Compensate

  • 1 compensate — com‧pen‧sate [ˈkɒmpənseɪt ǁ ˈkɑːm ] verb [intransitive, transitive] 1. to pay someone money because they have suffered injury, loss, or damage: compensate somebody for something • He has promised to compensate farmers for the price cuts. 2. HUMAN …

    Financial and business terms

  • 2 compensate — vb 1 Compensate, countervail, balance, offset, counterbalance, counterpoise are comparable when meaning to make up for or to undo the effects of. Compensate is by far the broadest of these terms both in mode of use and scope of application. It… …

    New Dictionary of Synonyms

  • 3 Compensate — Com pen*sate (? or ?; 277), v. t. [imp. & p. p. {Compensated}; p. pr. & vb. n. {Compensating}.] [L. compensatus, p. p. of compensare, prop., to weigh several things with one another, to balance with one another, verb intens. fr. compendere. See… …

    The Collaborative International Dictionary of English

  • 4 compensate — com·pen·sate / käm pən ˌsāt, ˌpen / vt sat·ed, sat·ing: to make an appropriate and usu. counterbalancing payment to compensate the victims for their injuries adequately compensated for her work com·pen·sa·to·ry /kəm pen sə ˌtōr ē/ adj …

    Law dictionary

  • 5 Compensate — Com pen*sate, v. i. To make amends; to supply an equivalent; followed by for; as, nothing can compensate for the loss of reputation. [1913 Webster] …

    The Collaborative International Dictionary of English

  • 6 compensate — [v1] make restitution atone, come down with*, commit, guerdon, indemnify, make good*, pay, pay up, plank out*, pony up*, recompense, recoup, refund, reimburse, remunerate, repay, requite, reward, satisfy, shell out*, take care of, tickle the… …

    New thesaurus

  • 7 compensate — ► VERB 1) give (someone) something to reduce or balance the bad effect of loss, suffering, or injury. 2) (compensate for) make up for (something undesirable) by exerting an opposite force or effect. DERIVATIVES compensator noun compensatory… …

    English terms dictionary

  • 8 compensate — [käm′pən sāt΄] vt. compensated, compensating [< L compensatus, pp. of compensare, to weigh one thing against another < com , with + pensare, freq. of pendere, to weigh: see PENDANT] 1. Now Rare to make up for; be a counterbalance to in… …

    English World dictionary

  • 9 compensate — 1640s, from L. compensatus, pp. of compensare to weigh one thing (against another), thus, to counterbalance, from com with (see COM (Cf. com )) + pensare, frequentative of pendere to weigh (see PENDANT (Cf. pendant)) …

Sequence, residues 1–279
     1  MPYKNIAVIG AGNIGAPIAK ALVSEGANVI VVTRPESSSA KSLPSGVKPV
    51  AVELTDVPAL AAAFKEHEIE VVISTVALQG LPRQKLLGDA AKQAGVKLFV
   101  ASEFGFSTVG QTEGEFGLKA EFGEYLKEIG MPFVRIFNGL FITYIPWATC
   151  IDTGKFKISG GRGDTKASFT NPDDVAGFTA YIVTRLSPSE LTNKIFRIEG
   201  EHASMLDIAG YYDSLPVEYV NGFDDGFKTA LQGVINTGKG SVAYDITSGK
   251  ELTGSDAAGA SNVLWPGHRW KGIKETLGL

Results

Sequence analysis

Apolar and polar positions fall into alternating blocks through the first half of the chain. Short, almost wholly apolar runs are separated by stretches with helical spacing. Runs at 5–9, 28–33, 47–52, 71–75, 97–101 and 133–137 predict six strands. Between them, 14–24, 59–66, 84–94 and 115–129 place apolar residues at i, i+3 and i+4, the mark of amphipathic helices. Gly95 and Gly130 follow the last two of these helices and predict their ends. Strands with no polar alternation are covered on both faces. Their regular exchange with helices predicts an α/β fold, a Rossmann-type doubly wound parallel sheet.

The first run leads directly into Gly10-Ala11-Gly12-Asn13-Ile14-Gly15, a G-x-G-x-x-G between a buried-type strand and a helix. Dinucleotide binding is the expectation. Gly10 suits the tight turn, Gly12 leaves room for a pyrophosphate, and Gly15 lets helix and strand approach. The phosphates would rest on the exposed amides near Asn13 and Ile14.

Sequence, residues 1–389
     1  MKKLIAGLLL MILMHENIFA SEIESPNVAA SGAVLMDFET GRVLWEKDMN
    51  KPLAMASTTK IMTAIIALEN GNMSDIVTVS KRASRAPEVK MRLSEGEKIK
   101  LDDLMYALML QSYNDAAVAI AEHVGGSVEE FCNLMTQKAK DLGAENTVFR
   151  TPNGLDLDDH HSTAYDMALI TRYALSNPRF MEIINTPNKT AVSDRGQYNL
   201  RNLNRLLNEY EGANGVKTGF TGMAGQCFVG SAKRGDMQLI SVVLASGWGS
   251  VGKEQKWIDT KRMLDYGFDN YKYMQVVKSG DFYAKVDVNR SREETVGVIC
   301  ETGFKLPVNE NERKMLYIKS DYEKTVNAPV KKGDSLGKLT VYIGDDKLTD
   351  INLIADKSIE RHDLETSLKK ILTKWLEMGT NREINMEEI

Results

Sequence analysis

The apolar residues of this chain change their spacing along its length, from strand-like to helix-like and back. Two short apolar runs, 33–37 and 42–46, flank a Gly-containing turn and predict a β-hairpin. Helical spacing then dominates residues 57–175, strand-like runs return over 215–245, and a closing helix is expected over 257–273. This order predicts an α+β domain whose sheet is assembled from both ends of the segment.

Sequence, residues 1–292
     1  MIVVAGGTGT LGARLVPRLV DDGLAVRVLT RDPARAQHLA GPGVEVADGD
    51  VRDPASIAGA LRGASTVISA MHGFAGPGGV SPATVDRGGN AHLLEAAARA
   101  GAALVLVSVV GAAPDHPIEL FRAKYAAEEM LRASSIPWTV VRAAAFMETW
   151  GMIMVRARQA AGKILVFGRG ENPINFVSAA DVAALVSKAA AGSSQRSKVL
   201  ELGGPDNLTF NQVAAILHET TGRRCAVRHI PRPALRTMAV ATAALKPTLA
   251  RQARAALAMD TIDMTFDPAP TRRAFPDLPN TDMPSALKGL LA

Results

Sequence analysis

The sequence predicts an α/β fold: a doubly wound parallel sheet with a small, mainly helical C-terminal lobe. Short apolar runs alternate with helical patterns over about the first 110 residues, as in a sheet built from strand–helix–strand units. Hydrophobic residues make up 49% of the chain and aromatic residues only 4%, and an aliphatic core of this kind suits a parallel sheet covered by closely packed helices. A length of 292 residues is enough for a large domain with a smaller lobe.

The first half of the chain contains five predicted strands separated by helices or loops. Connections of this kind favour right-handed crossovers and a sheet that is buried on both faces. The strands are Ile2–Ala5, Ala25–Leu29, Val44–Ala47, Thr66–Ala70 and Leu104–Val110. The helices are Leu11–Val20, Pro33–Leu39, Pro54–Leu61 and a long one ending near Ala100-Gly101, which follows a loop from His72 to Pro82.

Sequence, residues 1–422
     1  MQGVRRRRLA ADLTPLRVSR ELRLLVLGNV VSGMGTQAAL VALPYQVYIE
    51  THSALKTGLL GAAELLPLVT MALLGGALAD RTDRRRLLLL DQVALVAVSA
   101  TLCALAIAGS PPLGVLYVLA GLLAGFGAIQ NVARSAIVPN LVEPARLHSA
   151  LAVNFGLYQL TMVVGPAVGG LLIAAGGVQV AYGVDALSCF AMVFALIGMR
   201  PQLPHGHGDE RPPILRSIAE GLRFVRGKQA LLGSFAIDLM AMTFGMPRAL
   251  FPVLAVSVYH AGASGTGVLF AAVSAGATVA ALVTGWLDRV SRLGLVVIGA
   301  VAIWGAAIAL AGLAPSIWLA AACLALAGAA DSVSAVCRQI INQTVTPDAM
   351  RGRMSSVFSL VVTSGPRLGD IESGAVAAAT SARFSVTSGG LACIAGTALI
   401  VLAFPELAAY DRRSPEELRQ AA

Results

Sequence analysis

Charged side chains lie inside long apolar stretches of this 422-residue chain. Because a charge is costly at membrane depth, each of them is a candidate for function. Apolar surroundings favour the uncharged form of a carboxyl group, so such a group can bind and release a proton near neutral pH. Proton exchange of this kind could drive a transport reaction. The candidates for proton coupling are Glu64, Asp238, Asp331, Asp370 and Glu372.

Etymology dictionary

  • 10 compensate — [[t]kɒ̱mpənseɪt[/t]] compensates, compensating, compensated 1) VERB To compensate someone for money or things that they have lost means to pay them money or give them something to replace that money or those things. [V n for n] The official… …

    English dictionary

  • 11 compensate — v. 1) (d; intr.) ( to make up for ) to compensate for (I cannot compensate for my inferiority complex) 2) (D; tr.) ( to reimburse ) to compensate for (to compensate smb. for damages) * * * [ kɒmpənseɪt] (d; intr.) ( to make up for ) to compensate …

    Combinatory dictionary

  • 12 compensate — com|pen|sate [ˈkɔmpənseıt US ˈka:m ] v [Date: 1600 1700; : Latin; Origin: , past participle of compensare, from compendere; COMPENDIUM] 1.) [I] to replace or balance the effect of something bad ▪ Because my left eye is so weak, my right eye has… …

    Dictionary of contemporary English

  • 13 compensate — verb 1 remove/reduce the bad effect of sth ADVERB ▪ amply, fully ▪ more than ▪ The advantages of the plan more than compensate for the risks associated with it. ▪ partially, partly …

    Collocations dictionary

  • 14 compensate */*/ — UK [ˈkɒmpənseɪt] / US [ˈkɑmpənˌseɪt] verb Word forms compensate : present tense I/you/we/they compensate he/she/it compensates present participle compensating past tense compensated past participle compensated 1) a) [intransitive] to change or… …

    English dictionary

  • 15 compensate — verb 1 (I) to replace or balance something good that has been lost or is lacking, by providing or doing something equally good: Because my left eye is so weak, my right eye has to work harder to compensate. (+ for): Her intelligence more than… …

    Longman dictionary of contemporary English

  • 16 compensate — / kɒmpənseɪt/ verb to give someone money to make up for a loss or injury ● In this case we will compensate a manager for loss of commission. ● The company will compensate the employee for the burns suffered in the accident. (NOTE: You compensate… …

    Dictionary of banking and finance

  • 17 compensate — compensatingly, adv. compensator, n. /kom peuhn sayt /, v., compensated, compensating. v.t. 1. to recompense for something: They gave him ten dollars to compensate him for his trouble. 2. to counterbalance; offset; be equivalent to: He… …

    Universalium

  • 18 compensate — verb /ˈkɒmpənseɪt/ a) To pay someone in exchange for work done or some other consideration. It is hard work, but they will compensate you well for it. b) To make up for; to do something in place of something else; to correct or fill. He tries to… …

    Wiktionary

  • 19 compensate — com|pen|sate [ kampən,seıt ] verb ** 1. ) intransitive to change or remove the bad result of something: compensate for: This payment more than compensates for what we ve lost. a ) to behave in a way that is intended to reduce the effects of a… …

    Usage of the words and phrases in modern English

  • 20 compensate — verb 1) you must compensate for what you did Syn: make amends, make up, make reparation, recompense, atone, requite, pay; expiate, make good, rectify 2) we agreed to compensate him for his loss Syn: recompense …

    Thesaurus of popular words